Jean's Take

A blog about words, women, & whimsy

Category: reviews (Page 2 of 2)

An Evening with Bette Midler

Bette Midler or Sue Mengers?

Bette Midler or Sue Mengers?

In June, I spent an evening with Bette Midler.

Technically, she was on the stage and I was in the orchestra but the Booth Theatre is small and intimate, and I definitely felt a connection.  Now Bette– I feel we’re on a first name basis now–is the true definition of a ‘Broad’ and most of us gals like to think we have a little of whatever that is; besides, she’s packed with talent and, well, what’s there not to like?

When the curtain opened, she was sprawled on a sofa for a standing ovation.  It was obvious that this happened every time that curtain opened, because she threw us a pat wisecrack, “You might as well sit down; I’m not gettin’ up.”  And she didn’t the whole intermissionless performance.

It was a limited engagement of a new play called I’ll Eat You Last: a Chat with Sue Mengers written by John Logan and directed by Joe Mantello. For those of us not insiders, Sue Mengers was, at one time, a powerful talent agent who handled some of the biggest names in the business.  Her language was colorful and merciless; in fact, she was a perfect definition of that other ‘B’ word.

There were some good lines here and plenty of chuckles but, if it shows up again, unless you knew Sue Mengers or if it doesn’t star Bette Midler, I suggest you go for pizza.

 

 

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Would Margaret Thatcher have liked ‘The Iron Lady’?

I’m surprised that women have not questioned the substance of the film, The Iron LadyAll we’ve done is gush and goo over how well Meryl Streep plays an old woman with Alzheimers, how good the make-up is and how much Meryl Streep looks and acts like Margaret Thatcher.  Yes, ladies, Margaret Thatcher, one of the most prominent ‘one of us’ in the 20th Century.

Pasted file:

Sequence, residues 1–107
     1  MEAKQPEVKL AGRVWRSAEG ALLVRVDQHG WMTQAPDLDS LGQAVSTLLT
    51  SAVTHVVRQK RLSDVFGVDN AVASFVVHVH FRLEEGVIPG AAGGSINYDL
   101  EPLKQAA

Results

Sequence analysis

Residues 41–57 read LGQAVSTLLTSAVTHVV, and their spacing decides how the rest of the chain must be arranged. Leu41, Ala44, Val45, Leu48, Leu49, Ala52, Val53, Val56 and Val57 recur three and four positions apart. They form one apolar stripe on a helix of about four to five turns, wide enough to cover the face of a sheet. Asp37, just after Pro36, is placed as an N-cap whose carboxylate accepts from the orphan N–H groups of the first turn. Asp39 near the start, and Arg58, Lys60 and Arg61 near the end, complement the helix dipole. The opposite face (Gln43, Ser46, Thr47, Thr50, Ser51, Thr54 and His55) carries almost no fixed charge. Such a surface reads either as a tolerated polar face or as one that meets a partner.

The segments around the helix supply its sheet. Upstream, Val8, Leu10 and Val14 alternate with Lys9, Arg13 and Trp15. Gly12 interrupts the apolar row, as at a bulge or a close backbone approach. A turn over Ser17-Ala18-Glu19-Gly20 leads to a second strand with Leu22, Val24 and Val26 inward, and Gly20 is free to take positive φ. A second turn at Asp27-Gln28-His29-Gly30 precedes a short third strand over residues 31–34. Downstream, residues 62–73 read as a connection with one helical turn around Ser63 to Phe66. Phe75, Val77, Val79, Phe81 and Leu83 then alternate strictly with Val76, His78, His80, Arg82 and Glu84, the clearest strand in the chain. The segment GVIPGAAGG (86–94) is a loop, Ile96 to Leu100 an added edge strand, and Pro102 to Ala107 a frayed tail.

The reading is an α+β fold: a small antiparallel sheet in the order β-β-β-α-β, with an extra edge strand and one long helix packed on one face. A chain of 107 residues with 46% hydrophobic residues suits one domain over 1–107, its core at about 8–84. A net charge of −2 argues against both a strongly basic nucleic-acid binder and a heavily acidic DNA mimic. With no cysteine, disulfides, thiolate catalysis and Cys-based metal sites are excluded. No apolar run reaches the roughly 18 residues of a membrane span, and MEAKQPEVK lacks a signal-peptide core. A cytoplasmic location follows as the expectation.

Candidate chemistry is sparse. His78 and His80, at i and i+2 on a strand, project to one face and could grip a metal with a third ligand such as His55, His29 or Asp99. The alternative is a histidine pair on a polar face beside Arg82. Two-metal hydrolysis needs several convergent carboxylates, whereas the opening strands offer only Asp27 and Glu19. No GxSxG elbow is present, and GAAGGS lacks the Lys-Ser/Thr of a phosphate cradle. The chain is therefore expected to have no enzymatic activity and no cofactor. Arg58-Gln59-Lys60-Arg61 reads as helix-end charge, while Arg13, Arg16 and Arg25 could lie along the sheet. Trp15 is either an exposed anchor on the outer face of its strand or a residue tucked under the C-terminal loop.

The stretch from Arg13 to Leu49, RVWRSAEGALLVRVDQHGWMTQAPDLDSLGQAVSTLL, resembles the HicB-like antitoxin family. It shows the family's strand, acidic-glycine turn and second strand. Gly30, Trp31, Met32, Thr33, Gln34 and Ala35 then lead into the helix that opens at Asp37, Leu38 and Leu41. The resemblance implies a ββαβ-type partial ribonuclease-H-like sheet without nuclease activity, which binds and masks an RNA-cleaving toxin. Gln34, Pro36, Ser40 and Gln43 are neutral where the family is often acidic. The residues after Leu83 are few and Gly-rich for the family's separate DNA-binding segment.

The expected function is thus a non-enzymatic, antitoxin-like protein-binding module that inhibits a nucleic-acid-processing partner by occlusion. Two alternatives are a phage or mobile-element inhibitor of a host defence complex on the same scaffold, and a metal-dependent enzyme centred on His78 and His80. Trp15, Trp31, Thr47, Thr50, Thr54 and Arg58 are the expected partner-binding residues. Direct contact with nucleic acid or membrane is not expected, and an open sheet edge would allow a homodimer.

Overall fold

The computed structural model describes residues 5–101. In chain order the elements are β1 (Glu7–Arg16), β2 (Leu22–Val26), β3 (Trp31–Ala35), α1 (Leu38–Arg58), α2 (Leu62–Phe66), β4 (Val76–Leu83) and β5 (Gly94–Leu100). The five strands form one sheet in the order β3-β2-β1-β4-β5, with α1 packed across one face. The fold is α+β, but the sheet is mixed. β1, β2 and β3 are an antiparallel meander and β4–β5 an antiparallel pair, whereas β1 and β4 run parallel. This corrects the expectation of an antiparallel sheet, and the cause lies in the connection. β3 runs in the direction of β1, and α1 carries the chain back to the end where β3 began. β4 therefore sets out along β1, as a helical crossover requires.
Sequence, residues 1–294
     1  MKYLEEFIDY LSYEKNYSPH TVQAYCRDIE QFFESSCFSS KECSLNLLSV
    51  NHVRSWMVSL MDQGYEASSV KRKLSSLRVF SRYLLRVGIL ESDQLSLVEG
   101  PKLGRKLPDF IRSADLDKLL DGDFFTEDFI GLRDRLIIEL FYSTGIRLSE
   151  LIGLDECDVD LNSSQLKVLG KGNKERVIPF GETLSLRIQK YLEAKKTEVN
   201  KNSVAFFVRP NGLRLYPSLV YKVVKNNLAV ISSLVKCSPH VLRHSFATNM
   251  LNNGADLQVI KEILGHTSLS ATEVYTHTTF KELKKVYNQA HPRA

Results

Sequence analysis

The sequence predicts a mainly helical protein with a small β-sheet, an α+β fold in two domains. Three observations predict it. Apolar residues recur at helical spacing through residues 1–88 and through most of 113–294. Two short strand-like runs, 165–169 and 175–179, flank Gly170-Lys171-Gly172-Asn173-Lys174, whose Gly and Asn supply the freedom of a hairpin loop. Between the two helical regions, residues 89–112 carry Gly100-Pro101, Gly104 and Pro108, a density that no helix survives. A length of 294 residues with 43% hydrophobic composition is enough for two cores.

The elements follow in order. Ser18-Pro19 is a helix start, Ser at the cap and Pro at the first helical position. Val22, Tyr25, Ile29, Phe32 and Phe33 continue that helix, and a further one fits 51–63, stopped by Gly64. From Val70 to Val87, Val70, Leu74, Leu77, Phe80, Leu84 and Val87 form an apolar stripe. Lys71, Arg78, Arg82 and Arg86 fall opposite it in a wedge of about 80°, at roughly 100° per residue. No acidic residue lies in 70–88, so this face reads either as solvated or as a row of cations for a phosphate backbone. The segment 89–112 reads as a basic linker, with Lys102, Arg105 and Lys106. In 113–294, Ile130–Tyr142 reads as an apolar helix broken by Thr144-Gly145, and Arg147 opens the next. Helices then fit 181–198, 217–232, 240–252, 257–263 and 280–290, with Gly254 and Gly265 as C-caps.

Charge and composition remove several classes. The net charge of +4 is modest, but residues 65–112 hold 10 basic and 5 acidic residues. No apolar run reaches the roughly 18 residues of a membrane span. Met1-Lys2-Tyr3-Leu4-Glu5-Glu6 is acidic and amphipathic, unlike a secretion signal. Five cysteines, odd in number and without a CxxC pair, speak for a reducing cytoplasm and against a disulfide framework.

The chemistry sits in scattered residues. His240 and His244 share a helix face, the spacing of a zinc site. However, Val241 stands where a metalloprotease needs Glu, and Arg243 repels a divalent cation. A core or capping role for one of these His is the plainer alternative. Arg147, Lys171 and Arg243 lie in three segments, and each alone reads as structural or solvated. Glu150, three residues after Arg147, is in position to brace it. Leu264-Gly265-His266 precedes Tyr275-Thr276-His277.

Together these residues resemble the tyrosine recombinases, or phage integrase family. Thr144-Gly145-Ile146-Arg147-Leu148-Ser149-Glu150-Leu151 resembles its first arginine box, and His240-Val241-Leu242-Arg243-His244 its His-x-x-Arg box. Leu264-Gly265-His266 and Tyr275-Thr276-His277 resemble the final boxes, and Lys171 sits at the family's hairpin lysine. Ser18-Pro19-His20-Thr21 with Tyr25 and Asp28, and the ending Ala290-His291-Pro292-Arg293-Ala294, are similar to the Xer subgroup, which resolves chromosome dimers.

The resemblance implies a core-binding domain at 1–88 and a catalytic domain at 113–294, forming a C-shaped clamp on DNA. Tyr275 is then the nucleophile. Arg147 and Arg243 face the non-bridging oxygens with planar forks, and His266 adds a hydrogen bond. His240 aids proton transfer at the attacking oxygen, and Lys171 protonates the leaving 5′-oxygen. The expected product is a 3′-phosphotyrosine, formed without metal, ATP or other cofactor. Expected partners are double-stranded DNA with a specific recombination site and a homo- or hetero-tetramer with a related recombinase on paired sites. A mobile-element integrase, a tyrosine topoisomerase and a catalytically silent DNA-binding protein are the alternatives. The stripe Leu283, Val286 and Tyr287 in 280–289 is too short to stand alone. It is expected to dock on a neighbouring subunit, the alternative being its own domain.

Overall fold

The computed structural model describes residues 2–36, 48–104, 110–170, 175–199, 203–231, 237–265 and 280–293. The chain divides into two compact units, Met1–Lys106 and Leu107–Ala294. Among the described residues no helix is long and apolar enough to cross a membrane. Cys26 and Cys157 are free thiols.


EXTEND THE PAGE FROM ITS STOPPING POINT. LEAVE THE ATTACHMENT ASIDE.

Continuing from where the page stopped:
The Margaret Thatcher I knew was a gutsy lady who took on one of the biggest and surely the oldest ‘old boys’ clubs, the British Parliament, to become the first female Prime Minister and then serve in that post for over eleven years.  She never backed down to the IRA who tried to assasinate her or even on the Falkland Islands whom many thought were hardly worth the effort.  She was a good friend of Ronald Reagan and the USA during the Cold War, and earned the title, The Iron Lady, because of her fortitude and uncompromising attitude.

But that woman isn’t in this film.  In her rare flashes of lucidity, she seems to question her earlier decisions–the IRA, the Falklands–is she really doing that?  How do they know?   Makes you wonder if IRA sympathizers wrote this, thinking they can get even because now she’s old and sick and can’t fight back . . . .

On top of all this, her dead husband is walking around reminding her that she was an MIA wife and mother, and her son won’t talk to her and her daughter is angry.  I’m angry too, we should all be angry that women are judged, even now, in the 21st century because we didn’t stay home with the kids.

I’m concerned too.  I’m concerned that no one has tried to set the record straight.  That the film has not caused an unprecedented amount of writing about the real Margaret Thatcher.  Perhaps we should be mindful of Thatcher’s own words . . . .

In February 2007, when she was already ill, she was honoured with a statue in the Houses of Parliament.   In a brief speech she said, “I might have preferred iron – but bronze will do … It won’t rust.”

 

 

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